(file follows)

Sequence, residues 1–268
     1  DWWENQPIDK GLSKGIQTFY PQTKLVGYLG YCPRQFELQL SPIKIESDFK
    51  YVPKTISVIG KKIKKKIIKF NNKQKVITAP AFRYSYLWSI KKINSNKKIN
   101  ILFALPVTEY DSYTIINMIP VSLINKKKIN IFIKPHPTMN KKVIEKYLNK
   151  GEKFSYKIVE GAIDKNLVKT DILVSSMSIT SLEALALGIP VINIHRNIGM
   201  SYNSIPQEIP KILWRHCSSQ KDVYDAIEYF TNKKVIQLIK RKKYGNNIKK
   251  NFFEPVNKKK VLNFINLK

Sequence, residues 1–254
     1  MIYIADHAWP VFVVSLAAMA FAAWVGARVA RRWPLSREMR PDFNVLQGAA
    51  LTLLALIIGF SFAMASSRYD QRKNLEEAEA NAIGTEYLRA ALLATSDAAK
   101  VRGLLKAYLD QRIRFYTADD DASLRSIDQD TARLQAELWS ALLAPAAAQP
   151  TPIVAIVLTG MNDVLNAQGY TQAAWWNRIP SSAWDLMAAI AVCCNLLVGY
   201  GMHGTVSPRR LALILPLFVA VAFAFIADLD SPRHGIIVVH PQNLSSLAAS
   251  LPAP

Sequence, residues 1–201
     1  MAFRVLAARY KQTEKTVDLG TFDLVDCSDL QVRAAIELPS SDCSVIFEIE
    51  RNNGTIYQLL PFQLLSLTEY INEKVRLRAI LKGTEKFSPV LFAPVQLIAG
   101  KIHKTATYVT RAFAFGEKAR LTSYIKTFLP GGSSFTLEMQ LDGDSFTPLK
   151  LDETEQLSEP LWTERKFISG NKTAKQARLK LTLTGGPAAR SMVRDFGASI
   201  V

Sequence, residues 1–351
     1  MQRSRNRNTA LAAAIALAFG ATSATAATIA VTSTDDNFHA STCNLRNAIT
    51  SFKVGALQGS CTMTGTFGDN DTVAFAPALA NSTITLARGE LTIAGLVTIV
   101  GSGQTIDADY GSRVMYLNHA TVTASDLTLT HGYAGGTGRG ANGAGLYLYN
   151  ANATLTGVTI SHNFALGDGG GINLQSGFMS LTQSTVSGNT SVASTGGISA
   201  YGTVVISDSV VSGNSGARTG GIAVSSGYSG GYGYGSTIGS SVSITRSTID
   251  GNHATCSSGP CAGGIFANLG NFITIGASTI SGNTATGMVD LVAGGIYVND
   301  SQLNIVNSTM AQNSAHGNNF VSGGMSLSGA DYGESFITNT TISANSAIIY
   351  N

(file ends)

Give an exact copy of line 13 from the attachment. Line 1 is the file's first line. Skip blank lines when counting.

   201  GMHGTVSPRR LALILPLFVA VAFAFIADLD SPRHGIIVVH PQNLSSLAAS